Who Took My Grain?

When talking about breaking and entering, we feel a certain sense of connection; it’s something we all fear, something that violates us. But when we talk about it in terms of the “farm”, we don’t feel so visceral about it. Not many of us may be farmers. I’m not, and my ignorance is vast regarding what it means to be a farmer. Yet much of Scripture deals with that life. Including these next two laws. The first one is about “grazing out of bounds”:

“If a man lets a field or vineyard be grazed bare and lets his animal loose so that it grazes in another man’s field, he shall make restitution from the best of his own field and the best of his own vineyard.

Exodus 22:5 NASB

Essentially, anyone allowing his cattle or sheep to graze off his own property, and graze onto another’s, has to make it up from the best of his fields. Think through that for a moment. It makes sense only if the “victim” gets to pick what grain or other crop is used to replace what the guys sheep or oxen ate. The “free-range rancher” doesn’t get to hold something back from restitution. Isn’t it interesting that normally, the best of the fields are reserved for offering to Yahweh, but here are used for restitution.

Here’s the other “farm-life” law. This one has to do with fires:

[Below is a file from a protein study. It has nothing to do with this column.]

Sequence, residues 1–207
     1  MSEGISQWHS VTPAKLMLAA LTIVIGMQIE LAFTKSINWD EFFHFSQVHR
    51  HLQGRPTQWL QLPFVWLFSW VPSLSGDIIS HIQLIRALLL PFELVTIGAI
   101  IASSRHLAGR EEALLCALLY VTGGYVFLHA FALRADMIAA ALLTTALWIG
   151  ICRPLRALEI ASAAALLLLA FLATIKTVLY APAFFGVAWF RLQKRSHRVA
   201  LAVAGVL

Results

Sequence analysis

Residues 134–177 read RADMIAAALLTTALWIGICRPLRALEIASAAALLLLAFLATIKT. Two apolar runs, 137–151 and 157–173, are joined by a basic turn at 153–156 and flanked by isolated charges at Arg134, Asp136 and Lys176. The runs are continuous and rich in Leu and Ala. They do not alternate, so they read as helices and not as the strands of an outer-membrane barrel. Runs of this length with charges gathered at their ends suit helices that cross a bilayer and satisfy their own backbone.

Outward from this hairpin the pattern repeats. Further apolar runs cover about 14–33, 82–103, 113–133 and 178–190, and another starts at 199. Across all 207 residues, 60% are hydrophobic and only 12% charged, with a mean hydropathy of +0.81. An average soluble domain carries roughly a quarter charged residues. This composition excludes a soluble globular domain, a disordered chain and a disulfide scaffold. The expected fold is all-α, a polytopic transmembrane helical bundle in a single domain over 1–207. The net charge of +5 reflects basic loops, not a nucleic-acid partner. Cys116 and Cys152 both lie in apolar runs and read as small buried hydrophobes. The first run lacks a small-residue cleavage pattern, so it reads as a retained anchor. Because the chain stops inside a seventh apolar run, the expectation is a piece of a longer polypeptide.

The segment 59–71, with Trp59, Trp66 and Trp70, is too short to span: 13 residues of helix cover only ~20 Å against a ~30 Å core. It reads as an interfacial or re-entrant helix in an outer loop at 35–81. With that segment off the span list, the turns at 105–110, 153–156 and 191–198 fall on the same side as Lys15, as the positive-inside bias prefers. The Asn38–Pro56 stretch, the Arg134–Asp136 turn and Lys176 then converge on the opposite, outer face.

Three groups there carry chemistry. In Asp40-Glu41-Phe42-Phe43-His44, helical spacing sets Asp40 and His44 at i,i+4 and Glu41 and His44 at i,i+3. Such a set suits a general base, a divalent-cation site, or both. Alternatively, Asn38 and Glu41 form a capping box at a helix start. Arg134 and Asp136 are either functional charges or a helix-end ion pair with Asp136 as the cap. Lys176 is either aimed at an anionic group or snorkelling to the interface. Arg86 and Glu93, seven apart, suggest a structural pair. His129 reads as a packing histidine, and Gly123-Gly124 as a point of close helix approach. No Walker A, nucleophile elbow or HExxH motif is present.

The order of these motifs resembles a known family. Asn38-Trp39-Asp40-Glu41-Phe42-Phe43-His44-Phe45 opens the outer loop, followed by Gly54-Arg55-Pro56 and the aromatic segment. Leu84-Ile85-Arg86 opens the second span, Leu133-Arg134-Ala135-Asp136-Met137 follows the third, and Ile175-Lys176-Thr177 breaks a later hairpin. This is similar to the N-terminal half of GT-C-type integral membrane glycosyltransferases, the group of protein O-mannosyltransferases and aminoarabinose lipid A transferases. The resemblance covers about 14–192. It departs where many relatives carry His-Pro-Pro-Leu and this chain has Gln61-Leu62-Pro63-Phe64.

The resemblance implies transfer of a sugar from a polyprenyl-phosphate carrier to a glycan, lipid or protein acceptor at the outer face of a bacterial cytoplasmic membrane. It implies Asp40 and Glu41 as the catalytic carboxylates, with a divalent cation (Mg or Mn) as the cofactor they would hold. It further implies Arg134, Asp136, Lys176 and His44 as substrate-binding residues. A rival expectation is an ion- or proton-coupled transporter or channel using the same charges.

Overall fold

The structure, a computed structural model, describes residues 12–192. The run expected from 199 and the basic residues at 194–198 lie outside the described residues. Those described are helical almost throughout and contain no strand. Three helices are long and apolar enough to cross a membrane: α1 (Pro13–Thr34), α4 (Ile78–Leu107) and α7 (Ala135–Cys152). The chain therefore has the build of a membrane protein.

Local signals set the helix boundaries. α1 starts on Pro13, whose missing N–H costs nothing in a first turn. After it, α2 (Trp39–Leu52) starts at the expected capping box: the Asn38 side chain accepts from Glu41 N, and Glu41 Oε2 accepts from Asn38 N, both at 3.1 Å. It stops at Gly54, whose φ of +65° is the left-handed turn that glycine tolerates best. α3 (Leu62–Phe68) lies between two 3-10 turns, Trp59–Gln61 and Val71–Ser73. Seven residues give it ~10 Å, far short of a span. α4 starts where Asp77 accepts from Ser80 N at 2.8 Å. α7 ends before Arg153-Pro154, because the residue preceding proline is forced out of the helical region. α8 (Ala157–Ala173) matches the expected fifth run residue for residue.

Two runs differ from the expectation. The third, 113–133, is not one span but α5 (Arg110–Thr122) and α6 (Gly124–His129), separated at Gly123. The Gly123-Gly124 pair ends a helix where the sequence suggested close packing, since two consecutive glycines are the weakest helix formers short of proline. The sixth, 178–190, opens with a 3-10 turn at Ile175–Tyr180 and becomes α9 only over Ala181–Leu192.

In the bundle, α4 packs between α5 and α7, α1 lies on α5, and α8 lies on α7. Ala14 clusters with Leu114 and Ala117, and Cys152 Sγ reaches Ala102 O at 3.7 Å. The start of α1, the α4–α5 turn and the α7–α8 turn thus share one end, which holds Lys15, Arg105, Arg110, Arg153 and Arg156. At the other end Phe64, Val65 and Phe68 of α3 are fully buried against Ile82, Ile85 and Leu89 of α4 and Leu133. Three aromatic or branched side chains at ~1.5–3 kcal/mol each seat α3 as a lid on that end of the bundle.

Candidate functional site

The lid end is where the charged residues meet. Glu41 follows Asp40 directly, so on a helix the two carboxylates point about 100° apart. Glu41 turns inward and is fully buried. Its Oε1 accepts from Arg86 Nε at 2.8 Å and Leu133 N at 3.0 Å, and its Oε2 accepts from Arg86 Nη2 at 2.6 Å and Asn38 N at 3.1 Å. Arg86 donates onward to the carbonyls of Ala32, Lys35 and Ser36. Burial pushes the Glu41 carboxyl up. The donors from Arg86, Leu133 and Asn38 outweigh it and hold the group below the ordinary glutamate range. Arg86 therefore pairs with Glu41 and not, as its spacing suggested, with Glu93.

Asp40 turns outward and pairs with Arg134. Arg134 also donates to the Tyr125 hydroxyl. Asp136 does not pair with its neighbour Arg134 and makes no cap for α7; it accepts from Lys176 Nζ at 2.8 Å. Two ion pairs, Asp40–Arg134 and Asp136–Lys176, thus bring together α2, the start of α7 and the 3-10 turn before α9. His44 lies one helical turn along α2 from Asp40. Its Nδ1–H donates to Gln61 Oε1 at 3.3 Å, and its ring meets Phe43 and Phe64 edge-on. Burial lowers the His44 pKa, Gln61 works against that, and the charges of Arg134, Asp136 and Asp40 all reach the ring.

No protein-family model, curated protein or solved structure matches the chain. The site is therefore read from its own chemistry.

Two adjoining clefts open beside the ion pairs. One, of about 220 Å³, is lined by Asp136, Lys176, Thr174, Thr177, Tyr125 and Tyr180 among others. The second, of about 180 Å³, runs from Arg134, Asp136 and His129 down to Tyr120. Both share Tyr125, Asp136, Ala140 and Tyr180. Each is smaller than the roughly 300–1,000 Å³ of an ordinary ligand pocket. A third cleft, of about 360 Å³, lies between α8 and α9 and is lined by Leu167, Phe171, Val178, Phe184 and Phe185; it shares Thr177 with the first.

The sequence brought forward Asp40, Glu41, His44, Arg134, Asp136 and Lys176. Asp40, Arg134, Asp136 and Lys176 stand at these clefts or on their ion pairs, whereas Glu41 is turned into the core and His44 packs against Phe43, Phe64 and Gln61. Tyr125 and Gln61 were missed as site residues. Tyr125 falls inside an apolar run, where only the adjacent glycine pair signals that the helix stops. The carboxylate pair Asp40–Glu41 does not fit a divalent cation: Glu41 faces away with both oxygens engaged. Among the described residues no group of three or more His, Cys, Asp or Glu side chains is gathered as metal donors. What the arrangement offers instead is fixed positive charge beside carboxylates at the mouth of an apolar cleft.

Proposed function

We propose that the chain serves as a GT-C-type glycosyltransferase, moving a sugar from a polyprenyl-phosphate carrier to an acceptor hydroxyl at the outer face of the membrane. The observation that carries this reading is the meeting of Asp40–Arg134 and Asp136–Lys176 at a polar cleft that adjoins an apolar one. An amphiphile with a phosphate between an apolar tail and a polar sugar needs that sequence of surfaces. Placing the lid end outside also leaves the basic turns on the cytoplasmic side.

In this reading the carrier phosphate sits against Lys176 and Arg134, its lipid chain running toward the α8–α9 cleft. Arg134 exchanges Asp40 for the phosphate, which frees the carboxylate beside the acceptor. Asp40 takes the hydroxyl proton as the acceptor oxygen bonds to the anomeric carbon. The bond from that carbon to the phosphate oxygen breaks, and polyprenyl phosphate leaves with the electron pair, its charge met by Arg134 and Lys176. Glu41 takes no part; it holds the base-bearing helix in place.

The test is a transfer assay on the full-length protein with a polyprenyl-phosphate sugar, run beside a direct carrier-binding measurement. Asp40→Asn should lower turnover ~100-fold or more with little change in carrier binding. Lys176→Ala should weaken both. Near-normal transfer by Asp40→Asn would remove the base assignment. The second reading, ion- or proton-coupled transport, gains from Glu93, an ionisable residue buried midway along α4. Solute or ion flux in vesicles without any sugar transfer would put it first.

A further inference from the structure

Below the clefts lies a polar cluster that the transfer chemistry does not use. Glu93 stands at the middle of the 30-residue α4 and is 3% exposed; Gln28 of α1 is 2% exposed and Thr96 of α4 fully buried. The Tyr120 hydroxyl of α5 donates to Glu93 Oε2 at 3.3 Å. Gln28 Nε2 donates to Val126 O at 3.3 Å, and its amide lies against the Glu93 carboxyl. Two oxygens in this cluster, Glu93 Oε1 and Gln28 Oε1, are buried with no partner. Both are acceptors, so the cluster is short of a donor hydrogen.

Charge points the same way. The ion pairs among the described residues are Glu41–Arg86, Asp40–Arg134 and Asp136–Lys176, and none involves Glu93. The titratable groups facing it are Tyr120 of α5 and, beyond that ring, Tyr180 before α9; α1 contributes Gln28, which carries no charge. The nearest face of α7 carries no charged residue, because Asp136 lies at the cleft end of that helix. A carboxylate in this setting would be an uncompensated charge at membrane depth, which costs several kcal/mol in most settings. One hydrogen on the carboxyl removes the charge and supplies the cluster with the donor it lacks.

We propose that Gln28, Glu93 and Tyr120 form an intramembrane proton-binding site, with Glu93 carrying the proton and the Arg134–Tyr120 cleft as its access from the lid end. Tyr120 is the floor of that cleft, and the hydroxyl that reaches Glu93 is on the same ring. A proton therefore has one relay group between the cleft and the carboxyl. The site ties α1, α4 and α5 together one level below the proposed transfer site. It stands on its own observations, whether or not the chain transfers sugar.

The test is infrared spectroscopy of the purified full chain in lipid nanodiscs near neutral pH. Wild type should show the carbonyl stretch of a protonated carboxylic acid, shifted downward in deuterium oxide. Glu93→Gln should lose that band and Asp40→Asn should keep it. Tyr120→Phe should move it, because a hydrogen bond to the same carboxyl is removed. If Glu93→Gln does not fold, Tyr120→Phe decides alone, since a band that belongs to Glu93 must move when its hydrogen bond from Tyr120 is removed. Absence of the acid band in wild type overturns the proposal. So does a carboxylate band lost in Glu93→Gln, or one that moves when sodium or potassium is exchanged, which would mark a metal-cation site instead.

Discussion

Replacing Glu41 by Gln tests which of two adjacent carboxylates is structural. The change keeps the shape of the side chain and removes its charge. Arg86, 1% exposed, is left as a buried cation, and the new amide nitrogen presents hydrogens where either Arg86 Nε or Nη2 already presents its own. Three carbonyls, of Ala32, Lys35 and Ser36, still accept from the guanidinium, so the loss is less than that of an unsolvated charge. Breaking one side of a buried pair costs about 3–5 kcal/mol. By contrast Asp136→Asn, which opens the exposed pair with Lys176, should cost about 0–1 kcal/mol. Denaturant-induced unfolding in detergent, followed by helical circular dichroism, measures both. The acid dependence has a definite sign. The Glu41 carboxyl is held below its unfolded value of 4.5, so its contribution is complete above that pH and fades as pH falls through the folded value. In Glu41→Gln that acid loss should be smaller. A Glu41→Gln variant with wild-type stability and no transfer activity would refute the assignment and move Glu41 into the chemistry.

“If a fire breaks out and spreads to thorn bushes, so that stacked grain or the standing grain or the field itself is consumed, he who started the fire shall surely make restitution.

Exodus 22:6 NASB

This law is interesting in one way, as it relates to the story of Samson. Look up what he did with foxes in Judges 15:1-8, and notice what the Philistines did in retaliation. It seems counter-intuitive to kill someone for the fire instead of seeking restitution. But it gives insight into the alternatives of the day. Other cultures would consider the destruction of the crops to be a capital offense, but for Yahweh, restitution would be made. Again, Yahweh prioritizes life over things, including crops.

In a sense, these two laws are about “stealing”, but in a sense which could be “accidental” or negligent rather than malicious. To be fair, Samson was malicious. But even so, the punishment was to make restitution of the loss of crops, not through the loss of human life. These laws work together to create harmonious and balanced society, instead of the oppressive societies surrounding Israel. These laws would have made them a unique group among their neighbors.

As disciples of Jesus, we’re supposed to be that unique testimony to the character of our Master. We’re supposed to hold life above the stuff around us, in hour houses, or out in our yards. We’re supposed to be willing to allow for restitution rather than revenge. We’re supposed to be like our Master in how we treat people, but more, in our priorities, especially other people.

I have to admit, I’m not good at that. I’m much more skilled at selfishness. Good things for others occurs to me, most often in retrospect; but I still remain impervious to being considerate of others. It has to sadden my Savior. And it has to change. How about you? How well do you do being considerate of others?

Scripture quotations taken from the NASB. Copyright by The Lockman Foundation

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